We must again voice a reservation: we do not want to say that imitation does not play a decisive role in the development of a child’s speech. We want to say quite the opposite: imitation is one of the basic paths in cultural development of the child in general. We would only like to note that imitation cannot explain the development of speech and that imitation itself requires explanation. Köhler, considering the reproaches that might be raised against ascribing intelligent behavior to a chimpanzee, dwells especially on the problem of imitation. The question arises: could not the chimpanzee in certain experiments see similar solutions reached by man and could he not simply imitate man’s action? Köhler says that this objection might be a strong reproach if we assume the existence of simple imitation without any intelligent participation, a mechanical transfer of the behavior of one man to another. There is no doubt that such a purely reflex imitation exists; however, we must establish its true boundary.
If we assume that imitation of another kind is occurring here, not simple mechanical transferring from one to another, but connected with a certain understanding of the situation, then that in itself gives a new interpretation to the really intelligent behavior of animals. Actually no one has ever observed that complex actions could at once be reproduced by simple reflex imitation. The process of imitation itself assumes a certain understanding of the significance of the action of another. Actually, the child who can understand, cannot imitate a writing adult. Animal psychology confirms that the matter of imitation in animals is in the same situation. Studies by American authors showed, in contrast to the results of E. Thorndike, that imitation, although with difficulty and limited in scope, does occur in higher vertebrates. This discovery coincides with the assumption that imitation itself is a complex process that requires preliminary understanding.
To anyone who was engaged in animal research, Köhler could say in his own words: if an animal that sees a problem solved can actually by imitation arrive at the solution as he could not before, we would have to give that animal the highest mark. Unfortunately, we come across such cases very rarely in chimpanzees, and what is most important, only when a suitable situation and solution of it are within approximately the same boundaries that exist in the chimpanzee and are related to his spontaneous actions. Simple imitation is found in chimpanzees as it is in man, that is, when behavior produced by imitation is already common and understandable. Köhler assumes that the conditions are the same for imitation in higher animals and in man; man cannot simply imitate if he does not understand the process or the course of ideas well enough.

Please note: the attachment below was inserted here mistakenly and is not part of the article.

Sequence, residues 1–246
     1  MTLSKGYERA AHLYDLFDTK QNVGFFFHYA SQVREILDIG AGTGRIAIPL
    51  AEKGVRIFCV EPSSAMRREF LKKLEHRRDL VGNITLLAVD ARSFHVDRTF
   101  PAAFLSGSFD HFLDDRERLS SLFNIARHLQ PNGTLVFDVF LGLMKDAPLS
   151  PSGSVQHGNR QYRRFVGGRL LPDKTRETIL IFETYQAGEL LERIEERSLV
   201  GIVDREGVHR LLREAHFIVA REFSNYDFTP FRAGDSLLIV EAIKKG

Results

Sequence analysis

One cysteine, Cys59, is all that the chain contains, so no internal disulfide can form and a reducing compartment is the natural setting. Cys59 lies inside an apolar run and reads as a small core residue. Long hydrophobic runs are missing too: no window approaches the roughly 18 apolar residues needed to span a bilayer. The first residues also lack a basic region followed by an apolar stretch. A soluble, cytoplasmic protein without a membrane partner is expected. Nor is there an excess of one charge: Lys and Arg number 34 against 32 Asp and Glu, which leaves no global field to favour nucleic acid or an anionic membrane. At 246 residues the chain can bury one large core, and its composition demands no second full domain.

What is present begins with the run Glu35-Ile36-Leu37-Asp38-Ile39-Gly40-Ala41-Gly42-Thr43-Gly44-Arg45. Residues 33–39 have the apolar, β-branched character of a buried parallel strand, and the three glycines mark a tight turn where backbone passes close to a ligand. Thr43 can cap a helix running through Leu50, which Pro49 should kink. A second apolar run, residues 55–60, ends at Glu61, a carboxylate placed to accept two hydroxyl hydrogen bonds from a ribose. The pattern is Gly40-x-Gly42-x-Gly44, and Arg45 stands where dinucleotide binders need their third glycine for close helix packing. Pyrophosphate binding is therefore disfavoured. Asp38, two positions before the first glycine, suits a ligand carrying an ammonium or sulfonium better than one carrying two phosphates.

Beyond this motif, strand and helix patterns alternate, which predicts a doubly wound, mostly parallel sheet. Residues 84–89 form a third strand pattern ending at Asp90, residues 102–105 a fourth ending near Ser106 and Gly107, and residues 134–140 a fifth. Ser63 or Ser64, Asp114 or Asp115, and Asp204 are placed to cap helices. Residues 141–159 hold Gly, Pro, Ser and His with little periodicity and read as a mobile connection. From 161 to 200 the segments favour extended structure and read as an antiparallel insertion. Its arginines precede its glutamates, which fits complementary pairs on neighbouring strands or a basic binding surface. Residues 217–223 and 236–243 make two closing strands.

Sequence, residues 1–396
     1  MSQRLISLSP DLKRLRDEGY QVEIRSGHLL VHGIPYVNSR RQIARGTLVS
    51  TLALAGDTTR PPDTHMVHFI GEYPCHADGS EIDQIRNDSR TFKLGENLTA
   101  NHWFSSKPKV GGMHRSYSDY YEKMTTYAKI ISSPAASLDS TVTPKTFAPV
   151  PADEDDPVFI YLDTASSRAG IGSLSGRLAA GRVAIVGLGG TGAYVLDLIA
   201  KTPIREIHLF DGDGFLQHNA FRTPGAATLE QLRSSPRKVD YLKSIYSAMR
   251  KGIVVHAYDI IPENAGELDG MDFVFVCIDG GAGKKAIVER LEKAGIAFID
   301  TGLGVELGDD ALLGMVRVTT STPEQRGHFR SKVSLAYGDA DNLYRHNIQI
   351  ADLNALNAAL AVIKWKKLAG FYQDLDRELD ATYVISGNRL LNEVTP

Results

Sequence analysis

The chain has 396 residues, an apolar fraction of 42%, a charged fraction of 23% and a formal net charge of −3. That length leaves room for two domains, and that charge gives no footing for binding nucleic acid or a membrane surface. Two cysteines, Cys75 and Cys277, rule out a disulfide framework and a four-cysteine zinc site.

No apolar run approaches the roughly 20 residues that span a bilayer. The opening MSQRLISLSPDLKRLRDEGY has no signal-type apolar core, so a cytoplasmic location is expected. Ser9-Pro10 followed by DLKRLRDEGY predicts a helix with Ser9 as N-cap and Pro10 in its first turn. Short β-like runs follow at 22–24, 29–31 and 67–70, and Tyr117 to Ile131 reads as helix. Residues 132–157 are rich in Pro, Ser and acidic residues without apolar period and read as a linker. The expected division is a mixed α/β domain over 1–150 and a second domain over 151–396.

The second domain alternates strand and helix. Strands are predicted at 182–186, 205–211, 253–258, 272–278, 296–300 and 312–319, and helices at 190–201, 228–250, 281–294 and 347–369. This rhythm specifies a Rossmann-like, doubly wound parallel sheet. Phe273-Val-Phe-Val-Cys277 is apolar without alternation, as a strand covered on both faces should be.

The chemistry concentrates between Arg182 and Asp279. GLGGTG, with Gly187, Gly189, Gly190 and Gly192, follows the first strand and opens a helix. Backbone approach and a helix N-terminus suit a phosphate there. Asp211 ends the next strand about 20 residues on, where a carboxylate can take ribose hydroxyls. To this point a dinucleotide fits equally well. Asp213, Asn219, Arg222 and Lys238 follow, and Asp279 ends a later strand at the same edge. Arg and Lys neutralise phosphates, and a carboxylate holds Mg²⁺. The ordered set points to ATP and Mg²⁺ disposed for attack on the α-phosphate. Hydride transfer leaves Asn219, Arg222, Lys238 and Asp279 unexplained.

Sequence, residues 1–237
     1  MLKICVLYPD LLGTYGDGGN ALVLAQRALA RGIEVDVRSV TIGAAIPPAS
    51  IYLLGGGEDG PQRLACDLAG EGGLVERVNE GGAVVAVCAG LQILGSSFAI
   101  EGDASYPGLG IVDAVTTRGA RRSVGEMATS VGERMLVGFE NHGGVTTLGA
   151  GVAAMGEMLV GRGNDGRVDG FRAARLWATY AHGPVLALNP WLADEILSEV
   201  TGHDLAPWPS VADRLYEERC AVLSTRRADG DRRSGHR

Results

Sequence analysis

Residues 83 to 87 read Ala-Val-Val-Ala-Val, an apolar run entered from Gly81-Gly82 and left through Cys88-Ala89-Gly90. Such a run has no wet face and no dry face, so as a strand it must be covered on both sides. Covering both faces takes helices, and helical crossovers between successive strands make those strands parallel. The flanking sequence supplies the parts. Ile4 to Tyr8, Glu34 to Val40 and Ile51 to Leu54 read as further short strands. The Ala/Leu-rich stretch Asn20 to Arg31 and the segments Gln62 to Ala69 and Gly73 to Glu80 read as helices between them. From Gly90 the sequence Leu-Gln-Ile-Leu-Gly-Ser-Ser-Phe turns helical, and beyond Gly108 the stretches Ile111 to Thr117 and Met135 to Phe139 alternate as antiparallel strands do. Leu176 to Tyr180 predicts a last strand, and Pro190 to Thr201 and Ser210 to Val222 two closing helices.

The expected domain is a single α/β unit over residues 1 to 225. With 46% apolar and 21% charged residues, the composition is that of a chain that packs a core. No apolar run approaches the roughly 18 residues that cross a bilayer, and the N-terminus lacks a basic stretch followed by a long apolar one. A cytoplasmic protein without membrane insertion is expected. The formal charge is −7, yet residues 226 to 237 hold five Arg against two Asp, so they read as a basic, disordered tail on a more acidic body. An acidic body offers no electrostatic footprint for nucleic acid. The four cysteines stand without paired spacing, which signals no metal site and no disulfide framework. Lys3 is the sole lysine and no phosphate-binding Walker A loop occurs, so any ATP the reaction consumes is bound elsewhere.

We would like to limit Köhler’s position only to the area of natural imitation. As far as special or higher forms of imitation are concerned, we are inclined to say that they follow the same path of cultural development as all other functions. Specifically, Köhler says that under natural conditions, the chimpanzee is capable of imitating human behavior and he sees evidence in this for the intelligence of its behavior. Köhler stressed that, as a rule, the chimpanzee does not imitate human behavior. This is incorrect. There are cases in which even the greatest skeptic would have to admit that the chimpanzee imitates new methods of action not only similar to his own, but also those of man.
We could express this new evaluation of imitation another way by saying that imitation is possible only to the extent and in those forms in which it is accompanied by understanding. It is easy to see what enormous significance imitation acquires as a method of research that makes it possible to establish the limit and level of actions accessible to the intellect of the animal and the child. Roughly speaking, by testing the limits of possible imitation, we test the limits of the intellect of the given animal. For this reason, imitation is an exceptionally convenient methodological device for research, particularly in the genetic area. If we want to learn how much a given intellect has matured for one function or another, we can test this by means of imitation, and we consider an experiment with imitation that we developed to be one of the basic forms of the genetic experiment: a child is present when another solves a suitable problem, then he solves the same problem himself.
These considerations compel us to reject the opinion that reduces the essence of imitation to the simple formation of habits and to recognize imitation as a substantial factor in the development of higher forms of human behavior.